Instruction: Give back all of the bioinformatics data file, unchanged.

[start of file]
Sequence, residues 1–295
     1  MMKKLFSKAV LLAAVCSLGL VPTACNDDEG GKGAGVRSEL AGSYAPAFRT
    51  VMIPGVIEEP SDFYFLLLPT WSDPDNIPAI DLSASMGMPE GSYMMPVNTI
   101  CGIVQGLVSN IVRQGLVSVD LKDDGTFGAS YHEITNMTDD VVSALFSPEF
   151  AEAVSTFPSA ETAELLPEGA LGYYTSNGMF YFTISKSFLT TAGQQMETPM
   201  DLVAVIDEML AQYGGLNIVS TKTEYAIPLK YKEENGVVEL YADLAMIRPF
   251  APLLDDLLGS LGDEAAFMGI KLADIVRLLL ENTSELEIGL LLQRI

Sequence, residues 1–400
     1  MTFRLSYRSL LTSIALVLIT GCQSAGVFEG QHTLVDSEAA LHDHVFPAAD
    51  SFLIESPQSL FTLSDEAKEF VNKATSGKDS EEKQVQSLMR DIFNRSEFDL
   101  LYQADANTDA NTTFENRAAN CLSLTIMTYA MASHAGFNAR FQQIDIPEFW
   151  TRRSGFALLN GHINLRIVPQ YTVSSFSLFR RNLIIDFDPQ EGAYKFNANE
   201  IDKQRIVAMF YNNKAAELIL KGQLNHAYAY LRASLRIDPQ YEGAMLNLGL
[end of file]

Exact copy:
Sequence, residues 1–295
     1  MMKKLFSKAV LLAAVCSLGL VPTACNDDEG GKGAGVRSEL AGSYAPAFRT
    51  VMIPGVIEEP SDFYFLLLPT WSDPDNIPAI DLSASMGMPE GSYMMPVNTI
   101  CGIVQGLVSN IVRQGLVSVD LKDDGTFGAS YHEITNMTDD VVSALFSPEF
   151  AEAVSTFPSA ETAELLPEGA LGYYTSNGMF YFTISKSFLT TAGQQMETPM
   201  DLVAVIDEML AQYGGLNIVS TKTEYAIPLK YKEENGVVEL YADLAMIRPF
   251  APLLDDLLGS LGDEAAFMGI KLADIVRLLL ENTSELEIGL LLQRI

Sequence, residues 1–400
     1  MTFRLSYRSL LTSIALVLIT GCQSAGVFEG QHTLVDSEAA LHDHVFPAAD
    51  SFLIESPQSL FTLSDEAKEF VNKATSGKDS EEKQVQSLMR DIFNRSEFDL
   101  LYQADANTDA NTTFENRAAN CLSLTIMTYA MASHAGFNAR FQQIDIPEFW
   151  TRRSGFALLN GHINLRIVPQ YTVSSFSLFR RNLIIDFDPQ EGAYKFNANE
   201  IDKQRIVAMF YNNKAAELIL KGQLNHAYAY LRASLRIDPQ YEGAMLNLGL